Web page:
One in four women and one in eight men will be victims of sexual assault or attempted sexual assault by the time they leave college. These were among the statistics shared with attendees of [Georgetown’s seventh annual “R U Ready?”]( event on Wednesday.

The program, which addressed sexual assault and the challenges facing victims, was held in Copley Formal Lounge. It was sponsored by [over a dozen student groups and university departments](, including The Corp, Department of Public Safety and LGBTQ Resource Center. Staff from Health Education Services, the Women’s Center, Residence Life and the Counseling and Psychiatric Service coordinated the event.

“This program is a great way for people from both genders to come together and learn about the reality of sexual assault on a college campus and make sure that people are aware of the resources Georgetown has to offer,” Brigitte Garza (COL ’11) said. “This is a really important issue and people should know the resources available to them.”

A main goal of the event was to increase awareness of the issues that accompany sexual assault and to address the conception that sexual assault is solely a women’s issue.

“To say that sexual assault is a women’s issue is to say that whaling is an issue for the whales to deal with,” Jordan Green (COL ’12) said. “It could happen to men, too, and all-around it’s an issue that everybody needs to be concerned about; the more guys that could get involved the better.”

Joshua Guzman (SFS ’10) agreed.

“It’s definitely a major issue on college campuses, and a question a lot of people ask is, `Why should men be involved? This sounds like a women’s issue,'” Guzman said. “It’s more complex to ask, `Why aren’t enough men involved?’ It’s definitely a man’s issue too. We definitely want to create a better place on campus for all Hoyas.”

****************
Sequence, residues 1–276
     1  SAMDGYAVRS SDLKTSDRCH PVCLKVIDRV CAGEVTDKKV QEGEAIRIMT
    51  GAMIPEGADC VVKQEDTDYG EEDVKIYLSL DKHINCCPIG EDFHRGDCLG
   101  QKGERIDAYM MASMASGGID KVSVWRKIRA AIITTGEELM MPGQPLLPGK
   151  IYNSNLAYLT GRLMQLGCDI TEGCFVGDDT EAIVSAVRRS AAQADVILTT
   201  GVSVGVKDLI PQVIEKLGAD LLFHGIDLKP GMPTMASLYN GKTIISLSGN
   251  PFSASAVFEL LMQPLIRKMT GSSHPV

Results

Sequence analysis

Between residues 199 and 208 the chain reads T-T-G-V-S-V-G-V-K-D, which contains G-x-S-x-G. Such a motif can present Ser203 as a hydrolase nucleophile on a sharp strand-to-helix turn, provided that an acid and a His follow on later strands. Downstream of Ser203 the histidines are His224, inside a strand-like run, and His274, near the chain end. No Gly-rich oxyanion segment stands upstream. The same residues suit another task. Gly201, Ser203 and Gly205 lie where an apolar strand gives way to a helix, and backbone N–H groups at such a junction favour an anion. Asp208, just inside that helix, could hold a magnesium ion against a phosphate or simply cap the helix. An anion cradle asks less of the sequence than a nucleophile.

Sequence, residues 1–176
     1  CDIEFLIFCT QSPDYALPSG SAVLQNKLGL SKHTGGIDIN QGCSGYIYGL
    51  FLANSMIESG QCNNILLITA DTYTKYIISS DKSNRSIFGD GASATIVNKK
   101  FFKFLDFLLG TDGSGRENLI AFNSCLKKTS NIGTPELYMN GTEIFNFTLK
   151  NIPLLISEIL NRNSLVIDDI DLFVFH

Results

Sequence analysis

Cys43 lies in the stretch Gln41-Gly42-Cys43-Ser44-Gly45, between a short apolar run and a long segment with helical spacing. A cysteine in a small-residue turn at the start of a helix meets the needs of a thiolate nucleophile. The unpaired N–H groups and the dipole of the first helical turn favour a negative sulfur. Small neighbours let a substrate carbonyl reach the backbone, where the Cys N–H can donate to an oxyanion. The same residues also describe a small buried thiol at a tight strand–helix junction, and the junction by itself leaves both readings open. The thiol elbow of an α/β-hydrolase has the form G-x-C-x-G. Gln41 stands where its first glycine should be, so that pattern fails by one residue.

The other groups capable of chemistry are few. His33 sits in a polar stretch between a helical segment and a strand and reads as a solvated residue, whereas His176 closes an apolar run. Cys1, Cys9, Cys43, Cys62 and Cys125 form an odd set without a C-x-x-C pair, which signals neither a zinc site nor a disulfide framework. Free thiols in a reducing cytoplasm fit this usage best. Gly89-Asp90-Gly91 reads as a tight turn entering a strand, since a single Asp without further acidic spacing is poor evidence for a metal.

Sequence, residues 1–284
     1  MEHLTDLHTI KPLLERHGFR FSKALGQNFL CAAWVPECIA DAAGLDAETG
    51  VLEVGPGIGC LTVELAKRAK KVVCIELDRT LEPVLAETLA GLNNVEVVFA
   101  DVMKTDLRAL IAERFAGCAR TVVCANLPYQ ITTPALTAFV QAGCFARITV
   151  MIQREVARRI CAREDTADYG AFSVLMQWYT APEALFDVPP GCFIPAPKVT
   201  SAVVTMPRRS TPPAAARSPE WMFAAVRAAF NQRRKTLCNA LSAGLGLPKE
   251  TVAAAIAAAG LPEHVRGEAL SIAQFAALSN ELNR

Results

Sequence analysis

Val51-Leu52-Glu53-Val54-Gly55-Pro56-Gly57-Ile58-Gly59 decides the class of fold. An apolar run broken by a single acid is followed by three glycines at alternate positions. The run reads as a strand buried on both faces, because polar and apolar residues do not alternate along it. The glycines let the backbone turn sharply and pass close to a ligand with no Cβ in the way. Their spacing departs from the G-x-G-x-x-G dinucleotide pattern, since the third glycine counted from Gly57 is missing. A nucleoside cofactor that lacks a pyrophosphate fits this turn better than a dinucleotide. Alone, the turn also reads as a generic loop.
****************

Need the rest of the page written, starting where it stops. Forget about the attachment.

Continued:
[Shiva Subbaraman, director of the LGBTQ Resource Center](, said that she wants to see increased awareness of relationship violence among LGBTQ couples.

“Much of my interest is to bring this issue to same-sex couples, because this issue often [is not] included when you talk about sexual assault. There are additional levels of shame because you feel it only proves people’s idea that all gay people are dysfunctional.”

For many victims, sexual assault is often more difficult to deal with because they know their attackers, Subbaraman said.

“We always have these images of perpetrators being someone mysterious and out there, but unfortunately [they] are not,” Subbaraman said. “Ninety percent of the time, it is somebody we know and somebody who lives in our dorms, in our classroom, in our homes, which makes it much [scarier].”

Throughout the evening, speakers and student facilitators said that there are always resources and help available on campus. The speakers stressed that sexual assault is not the victim’s fault.

“It’s something someone else prevents; it’s never something someone brings onto themselves,” said Megan Foster, training and recruitment assistant for the Rape Abuse Incest National Network. “I think the biggest issue around sexual assault is that people don’t reach out and don’t tell their experiences. So people have this feeling that it doesn’t happen very often when it actually does.”

Tara Brewster, a victim of sexual assault and the event’s guest speaker, encouraged everyone to become involved in this issue.

“You don’t have to be 100 percent helper-certified to say, `It’s not your fault.’ I told my story because I don’t want anybody else to go through this, and I certainly don’t want anybody to feel like it doesn’t matter, or that they don’t matter.”

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